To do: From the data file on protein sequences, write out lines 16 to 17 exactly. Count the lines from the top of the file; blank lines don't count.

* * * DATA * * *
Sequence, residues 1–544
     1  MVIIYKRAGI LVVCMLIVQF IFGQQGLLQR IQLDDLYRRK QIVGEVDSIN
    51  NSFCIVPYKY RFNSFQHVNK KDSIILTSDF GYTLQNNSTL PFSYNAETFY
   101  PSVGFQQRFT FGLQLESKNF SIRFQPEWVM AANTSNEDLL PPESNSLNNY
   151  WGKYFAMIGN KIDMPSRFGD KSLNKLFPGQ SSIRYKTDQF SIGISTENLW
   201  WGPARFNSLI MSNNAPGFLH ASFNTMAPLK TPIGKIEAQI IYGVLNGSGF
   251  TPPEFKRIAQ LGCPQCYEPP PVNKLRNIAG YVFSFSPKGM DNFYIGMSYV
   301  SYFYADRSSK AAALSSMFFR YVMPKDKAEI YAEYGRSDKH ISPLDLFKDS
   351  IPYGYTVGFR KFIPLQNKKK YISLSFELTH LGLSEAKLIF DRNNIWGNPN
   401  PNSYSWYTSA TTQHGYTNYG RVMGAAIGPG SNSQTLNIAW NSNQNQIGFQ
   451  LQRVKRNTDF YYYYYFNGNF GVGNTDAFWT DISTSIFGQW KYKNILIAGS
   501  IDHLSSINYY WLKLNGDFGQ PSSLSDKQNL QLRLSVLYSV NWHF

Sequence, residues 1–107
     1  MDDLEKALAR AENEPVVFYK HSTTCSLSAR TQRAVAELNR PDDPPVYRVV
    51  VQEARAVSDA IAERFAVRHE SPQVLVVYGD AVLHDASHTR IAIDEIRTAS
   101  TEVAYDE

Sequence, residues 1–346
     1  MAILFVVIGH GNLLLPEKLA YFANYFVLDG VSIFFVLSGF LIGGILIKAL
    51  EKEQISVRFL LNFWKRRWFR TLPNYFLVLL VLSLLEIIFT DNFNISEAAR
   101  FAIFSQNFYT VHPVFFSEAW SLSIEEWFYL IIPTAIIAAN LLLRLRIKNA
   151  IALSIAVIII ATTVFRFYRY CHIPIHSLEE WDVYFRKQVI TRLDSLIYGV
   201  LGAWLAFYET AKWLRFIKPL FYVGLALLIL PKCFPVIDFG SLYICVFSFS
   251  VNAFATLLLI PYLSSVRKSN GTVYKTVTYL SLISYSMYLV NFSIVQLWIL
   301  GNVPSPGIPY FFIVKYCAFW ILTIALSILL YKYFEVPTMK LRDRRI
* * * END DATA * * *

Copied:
   101  TEVAYDE

Sequence, residues 1–346